Wireless Connectivity Will Determine Winners in Broadband, Streaming Race, Rutledge Says

·3 min read
 Charter Communications CEO Tom Rutledge
Charter Communications CEO Tom Rutledge

As companies scramble to build out fiber networks to capture market share in the increasingly competitive broadband market, Charter Communications chairman and CEO Tom Rutledge told an industry audience Wednesday that wireless connectivity will separate the winners from the losers.

At the Goldman Sachs Communacopia + Technology conference Wednesday, Rutledge, when asked about the company's competitive stance against fixed wireless and fiber broadband competitors, said the combination of its broadband and mobile networks only makes it stronger.

Charter does well in markets where it competes with fiber and fixed wireless broadband, Rutledge added. Its mobile network can offer speeds up to 1 Gigabit per second today, and could get even faster as more and more traffic is shifted from its Verizon MVNO to its own WiFi network, he said.

“We can have the fastest mobile product around,” Rutledge said. “Eighty percent of the bits are actually on the WiFi network and we’ve got a pathway to put even more traffic onto the WiFi network and to CBRS.”

He added that more and more of the business is wireless — there are 450 million devices connected to Charter’s network and most are wireless — which also gives his company the upper hand against the competition.

“I think we have a competitive advantage there because we have advanced WiFi, we have an integrated mobile product with that, and even our future video product with the Xumo joint venture is wirelessly delivered,” Rutledge said. “We’re going to an environment where every device connected to our network is wireless.”

Charter entered into the JV with Comcast in April, where Comcast is licensing its Flex streaming platform as well as the retail business of its XClass TVs and its Xumo streaming service. Charter will contribute $900 million over several years.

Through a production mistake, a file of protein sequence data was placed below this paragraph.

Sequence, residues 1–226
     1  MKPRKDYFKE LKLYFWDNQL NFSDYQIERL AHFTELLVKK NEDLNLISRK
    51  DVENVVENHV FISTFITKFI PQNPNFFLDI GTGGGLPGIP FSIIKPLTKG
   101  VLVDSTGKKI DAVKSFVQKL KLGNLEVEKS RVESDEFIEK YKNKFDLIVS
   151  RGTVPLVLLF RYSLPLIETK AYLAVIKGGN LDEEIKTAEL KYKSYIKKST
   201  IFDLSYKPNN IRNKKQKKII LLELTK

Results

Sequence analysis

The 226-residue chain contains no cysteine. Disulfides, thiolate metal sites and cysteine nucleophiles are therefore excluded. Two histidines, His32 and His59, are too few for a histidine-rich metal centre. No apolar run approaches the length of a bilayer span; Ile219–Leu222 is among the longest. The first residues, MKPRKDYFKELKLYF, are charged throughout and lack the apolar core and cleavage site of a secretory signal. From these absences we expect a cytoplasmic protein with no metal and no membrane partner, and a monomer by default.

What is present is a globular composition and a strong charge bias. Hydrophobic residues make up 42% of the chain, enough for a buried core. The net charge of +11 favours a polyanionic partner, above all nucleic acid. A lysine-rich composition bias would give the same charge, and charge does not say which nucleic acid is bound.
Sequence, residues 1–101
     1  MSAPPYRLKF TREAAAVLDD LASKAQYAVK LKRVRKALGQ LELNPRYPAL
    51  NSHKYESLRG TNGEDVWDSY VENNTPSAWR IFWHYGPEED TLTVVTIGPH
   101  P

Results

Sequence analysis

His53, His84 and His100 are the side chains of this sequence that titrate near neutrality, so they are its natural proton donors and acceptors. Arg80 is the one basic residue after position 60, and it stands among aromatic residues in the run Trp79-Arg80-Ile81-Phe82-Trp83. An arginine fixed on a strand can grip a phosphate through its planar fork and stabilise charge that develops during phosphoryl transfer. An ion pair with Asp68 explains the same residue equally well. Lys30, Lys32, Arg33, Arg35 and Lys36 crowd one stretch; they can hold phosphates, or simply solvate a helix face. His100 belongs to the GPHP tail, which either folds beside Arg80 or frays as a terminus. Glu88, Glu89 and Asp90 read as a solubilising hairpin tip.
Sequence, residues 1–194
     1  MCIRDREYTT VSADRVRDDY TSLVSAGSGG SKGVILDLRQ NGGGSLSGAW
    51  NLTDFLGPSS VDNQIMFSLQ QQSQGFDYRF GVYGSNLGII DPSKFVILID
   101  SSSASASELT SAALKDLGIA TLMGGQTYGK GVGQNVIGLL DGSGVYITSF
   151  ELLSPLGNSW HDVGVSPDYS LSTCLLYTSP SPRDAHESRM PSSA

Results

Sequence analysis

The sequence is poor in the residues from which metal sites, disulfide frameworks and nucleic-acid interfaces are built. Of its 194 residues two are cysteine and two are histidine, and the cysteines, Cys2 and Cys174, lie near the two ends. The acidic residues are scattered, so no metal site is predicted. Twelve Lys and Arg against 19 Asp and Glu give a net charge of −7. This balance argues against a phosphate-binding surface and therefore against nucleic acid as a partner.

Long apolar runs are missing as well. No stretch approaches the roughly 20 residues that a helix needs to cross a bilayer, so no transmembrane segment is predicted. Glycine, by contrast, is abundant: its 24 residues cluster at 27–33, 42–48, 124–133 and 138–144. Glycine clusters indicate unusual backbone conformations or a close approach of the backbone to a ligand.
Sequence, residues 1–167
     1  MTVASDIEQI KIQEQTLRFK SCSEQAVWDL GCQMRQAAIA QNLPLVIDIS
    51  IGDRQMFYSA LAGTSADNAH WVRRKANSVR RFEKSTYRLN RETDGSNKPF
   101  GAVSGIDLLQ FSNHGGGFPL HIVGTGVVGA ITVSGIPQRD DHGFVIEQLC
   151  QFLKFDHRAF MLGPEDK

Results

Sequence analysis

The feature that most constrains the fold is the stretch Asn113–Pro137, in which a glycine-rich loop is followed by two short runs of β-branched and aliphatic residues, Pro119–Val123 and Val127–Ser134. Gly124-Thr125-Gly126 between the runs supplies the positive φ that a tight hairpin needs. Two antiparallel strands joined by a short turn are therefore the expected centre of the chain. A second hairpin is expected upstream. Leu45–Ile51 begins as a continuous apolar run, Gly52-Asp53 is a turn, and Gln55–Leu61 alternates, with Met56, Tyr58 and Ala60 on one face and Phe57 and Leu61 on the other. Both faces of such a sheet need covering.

That Comcast partnership also could serve as a boost to the video business, which  continued to lose subscribers in Q2, but could be on the cusp of an evolution in part spurred along by the JV.

“I don’t think it’s about to precipitously fall apart,” Rutledge said of the current video business, adding that reductions in subscribers and increases in costs will likely remain for the next several years. But as the video business moves to an app-based model, the Comcast JV puts Charter in a strong position.

Also: Could Comcast and Charter’s New Streaming Platform Be The Launching Pad for Something Bigger?

“I think this new platform that we’re developing with Comcast, the joint venture, gives us an opportunity to monetize video and to use our customer relationships to drive that platform deeper into the market and to create an advertising business and a transaction business where we monetize the platform by helping direct-to-consumer media companies get more customers and take a fee for doing that, helping them sell the product,” Rutledge said. “The other opportunity that comes from it is advertising. To the extent that you get a big platform deployed and you’ve got viewership, you can monetize that and get better CPMs because it’s targeted advertising.” ■